that doesn't have her in some capacity. What Maurice Hurley did to Gates McFadden was inconceivably shitty and wrong on pretty much every level, and I'll never forgive him for that. And Doctor Pulaski is pretty transparently nothing more than a genderbent Bones McCoy who doesn't work anywhere near as effectively because casual racism, in particular the sort of racism that prevents a person from acknowledging another person actually counts as living thing
, is no longer cool and has absolutely no place in the world of Star Trek: The Next Generation
However, I'm an admitted huge fan of Diana Muldaur, and can't honestly say I'm not thrilled to have her as a regular (well, in spirit at any rate: Perhaps as a statement against the injustice that had to happen to get her that position, Muldaur refused to be credited as a regular even though she technically was). And what a lot of people fail to remember about Doctor Pulaski is that in spite of how fucking obscene the position she started in was, overcoming her racism was supposed to be part of her character arc, this happens fairly early on in the season and by the end of the year she becomes as close a friend of Data's as anyone else on the Enterprise
And like so much else about Star Trek, I believe in the potential within Doctor Pulaski: Had she been written as a character who truly played to Muldaur's strengths and was allowed to be her own person instead of just being femme!McCoy, there's absolutely no reason she couldn't have been as successful or effective as anyone else on the show. Indeed, Diana Muldaur circa 1988 is precisely the sort of person who should have gelled perfectly with Star Trek: The Next Generation
, and under better circumstances she would have made a wonderful addition to the cast. I just don't think that needed to be done at the expense of Beverly Crusher and Gates McFadden.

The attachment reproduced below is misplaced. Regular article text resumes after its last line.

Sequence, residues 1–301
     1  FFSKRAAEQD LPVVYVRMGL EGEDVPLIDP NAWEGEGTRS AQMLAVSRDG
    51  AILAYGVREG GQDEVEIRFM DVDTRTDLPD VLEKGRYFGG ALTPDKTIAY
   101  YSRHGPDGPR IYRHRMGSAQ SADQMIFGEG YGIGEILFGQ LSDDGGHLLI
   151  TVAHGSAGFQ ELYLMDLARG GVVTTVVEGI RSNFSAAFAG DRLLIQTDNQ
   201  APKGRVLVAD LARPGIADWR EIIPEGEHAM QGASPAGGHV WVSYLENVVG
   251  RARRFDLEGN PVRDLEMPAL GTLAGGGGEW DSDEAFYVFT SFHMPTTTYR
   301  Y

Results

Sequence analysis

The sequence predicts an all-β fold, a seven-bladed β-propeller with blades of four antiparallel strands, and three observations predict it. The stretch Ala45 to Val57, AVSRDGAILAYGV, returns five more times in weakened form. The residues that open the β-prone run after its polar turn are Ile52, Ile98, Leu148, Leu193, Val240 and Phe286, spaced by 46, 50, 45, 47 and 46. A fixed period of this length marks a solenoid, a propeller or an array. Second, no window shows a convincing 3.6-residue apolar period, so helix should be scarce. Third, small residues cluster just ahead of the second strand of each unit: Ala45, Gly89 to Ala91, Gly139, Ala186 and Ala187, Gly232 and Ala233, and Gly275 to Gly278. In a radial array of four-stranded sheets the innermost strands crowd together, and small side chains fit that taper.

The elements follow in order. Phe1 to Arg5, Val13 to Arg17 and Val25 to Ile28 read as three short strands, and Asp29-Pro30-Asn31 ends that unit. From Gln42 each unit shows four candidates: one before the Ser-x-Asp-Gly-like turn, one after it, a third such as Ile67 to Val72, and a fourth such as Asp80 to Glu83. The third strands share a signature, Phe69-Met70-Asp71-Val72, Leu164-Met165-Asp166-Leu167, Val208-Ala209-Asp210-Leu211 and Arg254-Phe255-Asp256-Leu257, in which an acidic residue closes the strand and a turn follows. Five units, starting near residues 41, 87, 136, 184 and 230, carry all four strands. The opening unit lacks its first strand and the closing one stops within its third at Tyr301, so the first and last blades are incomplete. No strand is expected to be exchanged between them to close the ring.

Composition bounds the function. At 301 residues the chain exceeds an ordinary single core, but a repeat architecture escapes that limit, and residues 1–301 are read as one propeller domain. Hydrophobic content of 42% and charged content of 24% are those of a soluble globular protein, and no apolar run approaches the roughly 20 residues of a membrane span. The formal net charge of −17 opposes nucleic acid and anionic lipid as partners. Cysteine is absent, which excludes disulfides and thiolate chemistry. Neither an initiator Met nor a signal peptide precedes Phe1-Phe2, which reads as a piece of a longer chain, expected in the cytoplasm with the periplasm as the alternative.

(Of course, I'm skipping over the *other* major new cast addition, but she's not in this episode so I'll save her for another couple of essays.)
Yet even I do have memories of Doctor Pulaski, however hazy they may often be, and there are quite a few moments interspersed throughout the year where I find she does work, and works very well. And, just like her, Star Trek: The Next Generation
itself certainly works on more than one occasion during this season, writer's guild strike and behind the scenes turmoil be damned. And “Where Silence Has Lease” is absolutely one of those occasions. In fact, of all the second season stories, I think it's this one that consistently stands out to me the most strongly, because it's here a very defining aspect of Star Trek: The Next Generation
finally coalesces. Although it ends up as a(n actually relatively well done) musing on mortality and how different people conceptualize death, this is a story first and foremost about exploration and curiosity. I feel like it constantly needs to be stressed that the Enterprise
crew are supposed to be explorers and scientists, not diplomats and soldiers. Star Trek's repugnant and inescapable militarism frequently works against this, but to take anything enjoyable or useful out of the franchise this really does have to be the way we read it, especially this show.
In “Where Silence Has Lease”, the Enterprise
is on a starmapping mission. They stop to investigate the hole in space, because it's unknown to them and want to learn about it. Up until the end, this is a phenomenally low-key, low-stakes story. You would think then that this would be boring, but I don't find it to be at all for two reasons. One, I happen to really enjoy low-stakes stories personally and am entirely comfortable and content watching a show where “nothing happens”. But that's me and I'm weird. The point that's probably more relevant to my readers is that this episode paces itself really well, and makes its so following along with the crew as they try to solve the mystery is fun and interesting. All kinds of freaky things happen in the hole, from space seeming to curve in on itself and behave in an almost self-aware way to the ghost Romulan warbird and the M.C. Escherprise Worf and Commander Riker poke around on.